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(Feb 16, 2003) Maori history suggests people first inhabited the Canterbury area about one thousand years ago. These early moa-hunting tribes were followed by the Waitaha, thought to have migrated from the East Coast of the North Island to the Pegasus Bay area of Canterbury early in the 16th century. They were joined later by members of the northern tribes Ngati Mamoe and Ngai Tahu, with migration continuing until about 1830.

The first Europeans landed in Canterbury in 1815, 45 years after Captain James Cook sighted Banks Island, later discovered to be a peninsula. Whaling ships were operating out of Lyttlelton by 1835, and in 1840 the first Europeans to settle on the plain arrived. In 1850 and 1851, organized groups of English settlers--the founders of Christchurch--arrived in Lyttlelton in four ships. Christchurch became a city by Royal Charter on July 31, 1856, making it officially the oldest established city in New Zealand. Population of Christchurch City: 316,227 per 2001 census.

The city is separated from the sea by a series of hills and mountains. In order to visit the city we elected to take the Princess provided shuttle bus to travel the 20 mile trek.

 

 On our way to the city we traveled along the shoreline business/housing corridor (above top left). After traveling for about five miles we approached the entrance to a tunnel that goes through the mountain. We emerged into the outskirts of the city. Note the housing that covers the hillsides.

Our primary goal was the visit their Botanical Park and Gardens. The shuttle took us to the center of town (lower right above set of photos) where we embarked on a cable car to ride to the Garden entrance. 

While we were waiting for the cable car we couldn't help but visit a flea market tourist trap across the street. (Actually, we were looking for a restroom.) We found the restroom in a cluster of buildings behind the flea market. What Lynn found to be humorous was that the restroom sign was placed above the sign on a door stating "New Zealand Institute of Architects Headquarters."

In a courtyard in this building cluster hung the wire sculpture shown in the photo on the right above. The sculpture has two side that form an "L." The cable car, shown above, not only serves to transport people around the town but is in effect a tour of the city. When we were finished with our garden we rode the car. The driver pointed things out along the way telling us about some of the history and various points of interest. He also had quite a sense of humor.

As we entered the park we were enthralled with how spacious the grounds were and the birds that freely roamed within it. There were many new "bird sounds" that we heard but we seldom found them hidden in the trees. 

The tree, in the left photo above, is estimated to be over 500 years old. Crystal stands alongside a sequoia tree in the right photo. We noticed that all of the trees were elegantly pruned and had their limbs supported by cables that interlaced the tree. It helps to maintain the shape of the tree and prevent breakage of limbs from strong winds.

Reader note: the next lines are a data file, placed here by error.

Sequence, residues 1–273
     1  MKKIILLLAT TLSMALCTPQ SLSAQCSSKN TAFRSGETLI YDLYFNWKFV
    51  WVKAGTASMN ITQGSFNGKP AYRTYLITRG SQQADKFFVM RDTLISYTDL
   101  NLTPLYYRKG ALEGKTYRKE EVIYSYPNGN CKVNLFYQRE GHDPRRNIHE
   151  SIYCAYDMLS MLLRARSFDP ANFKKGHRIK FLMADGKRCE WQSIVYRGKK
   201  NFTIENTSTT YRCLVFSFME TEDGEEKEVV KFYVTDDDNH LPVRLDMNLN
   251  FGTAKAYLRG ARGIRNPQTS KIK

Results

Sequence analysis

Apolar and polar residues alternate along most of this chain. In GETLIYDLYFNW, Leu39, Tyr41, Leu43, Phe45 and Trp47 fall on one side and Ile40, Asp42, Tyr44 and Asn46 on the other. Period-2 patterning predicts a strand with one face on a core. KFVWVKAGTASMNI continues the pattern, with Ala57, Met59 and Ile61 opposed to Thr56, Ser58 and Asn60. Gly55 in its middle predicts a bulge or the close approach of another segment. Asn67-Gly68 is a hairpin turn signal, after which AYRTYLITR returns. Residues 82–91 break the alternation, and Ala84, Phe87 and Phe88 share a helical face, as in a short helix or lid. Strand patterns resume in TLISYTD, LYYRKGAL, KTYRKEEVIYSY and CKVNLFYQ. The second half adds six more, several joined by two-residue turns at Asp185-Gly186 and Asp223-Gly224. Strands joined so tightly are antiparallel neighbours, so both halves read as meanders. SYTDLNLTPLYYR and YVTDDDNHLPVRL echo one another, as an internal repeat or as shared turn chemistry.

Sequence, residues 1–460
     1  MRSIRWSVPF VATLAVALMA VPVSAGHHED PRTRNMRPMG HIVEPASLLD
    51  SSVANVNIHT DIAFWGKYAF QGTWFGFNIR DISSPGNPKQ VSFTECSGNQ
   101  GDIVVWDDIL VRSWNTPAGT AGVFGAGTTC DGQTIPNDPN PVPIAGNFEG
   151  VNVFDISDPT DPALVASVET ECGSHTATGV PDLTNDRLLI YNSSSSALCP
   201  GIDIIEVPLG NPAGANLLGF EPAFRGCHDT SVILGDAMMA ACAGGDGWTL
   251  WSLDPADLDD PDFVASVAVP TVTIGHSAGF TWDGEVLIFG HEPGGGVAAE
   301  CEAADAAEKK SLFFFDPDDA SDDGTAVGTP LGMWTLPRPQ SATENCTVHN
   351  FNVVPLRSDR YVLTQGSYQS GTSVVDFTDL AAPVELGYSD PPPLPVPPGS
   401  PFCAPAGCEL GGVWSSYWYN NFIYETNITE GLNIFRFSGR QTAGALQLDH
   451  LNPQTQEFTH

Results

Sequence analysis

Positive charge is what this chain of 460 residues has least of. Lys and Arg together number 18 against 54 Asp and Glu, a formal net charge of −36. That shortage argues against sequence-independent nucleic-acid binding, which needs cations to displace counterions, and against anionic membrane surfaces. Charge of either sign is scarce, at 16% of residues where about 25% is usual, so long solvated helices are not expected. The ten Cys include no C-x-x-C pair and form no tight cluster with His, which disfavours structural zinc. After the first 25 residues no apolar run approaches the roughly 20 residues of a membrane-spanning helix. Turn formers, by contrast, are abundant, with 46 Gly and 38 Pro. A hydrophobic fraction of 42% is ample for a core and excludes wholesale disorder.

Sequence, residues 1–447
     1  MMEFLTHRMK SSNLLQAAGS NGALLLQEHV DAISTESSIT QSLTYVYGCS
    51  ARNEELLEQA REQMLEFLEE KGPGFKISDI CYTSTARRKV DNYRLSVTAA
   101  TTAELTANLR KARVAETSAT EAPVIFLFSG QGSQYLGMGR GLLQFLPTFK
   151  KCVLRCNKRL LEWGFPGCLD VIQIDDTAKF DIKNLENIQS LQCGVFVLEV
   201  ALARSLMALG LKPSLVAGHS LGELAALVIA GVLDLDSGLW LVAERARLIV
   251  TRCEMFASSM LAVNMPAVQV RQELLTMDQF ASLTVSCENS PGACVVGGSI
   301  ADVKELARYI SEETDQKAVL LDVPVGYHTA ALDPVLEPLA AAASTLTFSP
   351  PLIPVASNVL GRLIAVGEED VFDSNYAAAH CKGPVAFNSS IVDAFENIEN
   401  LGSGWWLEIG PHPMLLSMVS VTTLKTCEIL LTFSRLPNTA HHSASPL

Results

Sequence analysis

As we traversed the walkway lined with floral activity we eventually approached the rose garden area. At the entrance we walk under arches covered with roses and find that the arches continue into the Garden serving to separate it into two halves.

 

The roses at the lower left is hybrid tea called Moody Blues--a cross of Sexy Resy and Blue Nile. What we liked about the individual bed was how they used the flowers to form a border (middle right). The purple phlox (lower right) were outstanding.

Red Hot Poker makes a stunning display.

The begonia's were in their full glory. The building and arrangement of the plants in the Begonia Garden reminded us of Wellington's Begonia Garden.

This poinsettia plant caught our attention as we turned a corner. It is one plant--not an assembly of plants. You can see it to the left of the lower right picture. As we left the Begonia Garden we saw a small sign directing us to the Bonsai Garden. The plants are in a non-descript slatted building that looks a bit like a tool shed. The plants in it however, were interesting. Some of them are shown below.

As we left the Bonsai Garden we stumbled upon an area for desert type plants.

 

This cactus almost looks like an animal. The needles give it the appearance of fur.

If you look beyond the round cactus you can see more of the "furry" kind beyond. We took an ice cream break after our cactus tour. For some reason, the birds really like Crystal when she is eating.

When we left the Garden we hopped aboard the cable car nearby and rode to the town center.

This church, located in town, is built with two types of stone found in the area. The light stone is rather soft and can be cut with a saw. The dark stone is hard. Most of the buildings are built with this combination of stone. We found it interesting how the church had created petunia trees. There are a number of rows of shelves forming a tree with potted petunia plants on them.

There is a nice little park near the center of the city. After spending some monies acting like tourists we once again hopped on the Princess shuttle bus and made our way "home."

That evening we sat on our balcony as we sailed away toward our next destination -- Dunedin.

Next Stop: Dunedin, New Zealand

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Last modified:    April 2013